It was a simple message, a one line gesture of a fine farewell, but it somehow struck me as important even upon reading it the first time; although, back then I didn’t yet realize why. I have it saved on my phone and have used its words to fuel me at the worst of times, immersed in my creative endeavours. It continues to fuel me daily.
He wrote: “You had the courage to say no.”
Saying no to the thing you don’t want now gives you the opportunity to say yes to the thing you will want later. A good analogy to this is the idea of closing doors.
If you keep a door open that you know you will never want, you can get so distracted by that open door that it might keep you from simply glancing down the hallway to see which other doors may or may not be open. This is why doing nothing or not making a decision is still a choice with its own unique set of consequences (see point #1 in So You Want to Provide Value).
And worse yet, if you go through that open door you don’t actually want, you won’t give yourself the chance or opportunity to walk down that hall full of doors, one of which may be the one you are actually looking to walk through.
So taking an opportunity that you don’t want might actually hinder you from going down the path you actually want to be on in order to reach the desirable endpoint in your timeline.
An obvious example of this would be taking a job you don’t actually want. If this job will eat up all your time and attention, it will take all your effort away from looking for something you actually do want.
Say no now in order to say yes later.
Now, I understand that not everyone may have an issue with saying no; I think there are many people who have no trouble saying no to things they know they don’t want. The other extreme would be saying no to everything that doesn’t line up exactly with what you want. If you have seen the movie Yes Man (if you have not, I suggest you put it on the list for the next family movie night!), then you probably already know that neither extreme ends in a favorable outcome.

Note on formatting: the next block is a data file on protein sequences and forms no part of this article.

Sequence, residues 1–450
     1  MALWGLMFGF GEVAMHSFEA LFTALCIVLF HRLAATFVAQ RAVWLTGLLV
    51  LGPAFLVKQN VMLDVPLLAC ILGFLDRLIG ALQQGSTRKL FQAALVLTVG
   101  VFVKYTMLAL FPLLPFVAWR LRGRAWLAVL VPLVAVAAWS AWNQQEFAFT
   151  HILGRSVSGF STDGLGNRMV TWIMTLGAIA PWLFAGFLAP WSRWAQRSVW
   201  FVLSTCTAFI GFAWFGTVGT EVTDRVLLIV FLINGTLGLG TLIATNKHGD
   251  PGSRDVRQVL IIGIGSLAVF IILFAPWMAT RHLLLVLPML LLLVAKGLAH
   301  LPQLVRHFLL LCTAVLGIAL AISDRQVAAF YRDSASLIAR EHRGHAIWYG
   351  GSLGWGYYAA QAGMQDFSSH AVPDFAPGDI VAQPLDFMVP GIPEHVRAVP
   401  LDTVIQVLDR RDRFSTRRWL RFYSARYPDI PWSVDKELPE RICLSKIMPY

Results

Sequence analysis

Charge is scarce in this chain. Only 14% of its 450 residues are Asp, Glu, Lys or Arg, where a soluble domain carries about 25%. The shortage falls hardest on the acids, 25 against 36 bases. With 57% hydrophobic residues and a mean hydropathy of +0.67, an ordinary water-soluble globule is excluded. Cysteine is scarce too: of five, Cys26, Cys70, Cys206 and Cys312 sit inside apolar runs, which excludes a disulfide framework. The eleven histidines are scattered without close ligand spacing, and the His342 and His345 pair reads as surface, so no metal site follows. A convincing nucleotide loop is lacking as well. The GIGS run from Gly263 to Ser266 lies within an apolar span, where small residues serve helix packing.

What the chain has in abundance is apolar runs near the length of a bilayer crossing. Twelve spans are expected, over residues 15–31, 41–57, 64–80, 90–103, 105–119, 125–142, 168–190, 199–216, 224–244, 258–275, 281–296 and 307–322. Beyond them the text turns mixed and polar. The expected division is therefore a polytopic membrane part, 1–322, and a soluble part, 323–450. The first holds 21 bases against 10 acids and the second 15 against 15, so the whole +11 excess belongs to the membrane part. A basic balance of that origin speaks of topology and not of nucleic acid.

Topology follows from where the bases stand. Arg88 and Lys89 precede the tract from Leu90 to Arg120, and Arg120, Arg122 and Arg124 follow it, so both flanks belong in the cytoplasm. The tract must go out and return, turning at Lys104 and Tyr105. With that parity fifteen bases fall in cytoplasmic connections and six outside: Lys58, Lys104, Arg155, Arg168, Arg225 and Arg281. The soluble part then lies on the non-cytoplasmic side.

The movie depicts both extremes: saying no to everything vs. saying yes to everything. Then it settles for the happy medium of saying yes to the things you know you want and saying no to the things you know you don’t want. When it comes to the things you don’t know whether you want or not, there is a whole other post I could write on that subject. But the short answer to this is that I would suggest you learn to check in with yourself about these things. Learn to listen to yourself; once you do, you’ll find your body will naturally tell you whether something aligns with you or not. But as for the current topic, I am now writing from the perspective and point of view of someone who tends to say yes even to the things they know that don’t want, or that their self is practically screaming at them that they don’t want it (if this is the case, don’t fight it; it will not end well, I can promise you that).
When you say yes to everything that other people are telling you to do, you are living by other people. And if you continue to do it long enough, you may risk losing touch with yourself and what it is that you want, independent of others. This is a dangerous thing, because it means you will eventually be unable to detach yourself from others and view yourself as an internally independent being from other people. You will learn to trust others over yourself. You might look to others to answer the question that you should be asking only yourself:
“What do you want?”
When you say yes to everyone else, you are saying no to yourself.
Say no to others in order to say yes to yourself.
In 2013, HuffPost published an article on The Top 5 Regrets of the Dying. Do you know what they found to be the most common regret? First, I’ll tell you what it was not. It was not: “I wish I had done more.” It was: “I wish I had done more things that I wanted to do. I wish I’d had the courage to live a life true to myself, rather than living the life others expected of me.”
Along with that was: “I wish I’d had the courage to express my feelings.”
So, the two most common deathbed wishes are for:
- emotional honesty
- a life lived in alignment with values
I believe that to live out a life with both of these things in alignment, we need to not be afraid to express what we don’t want and what we don’t like.
We need to be able to say no to the things we don’t want and know we will never want.
We need to say no now in order to say yes later.
We need to say no to others if it’s sacrificing us saying yes to ourselves.
We need to learn how to say no, we need to learn when to say no, and we need to know why we are saying no.
And then we can follow our timelines, satisfied to the end.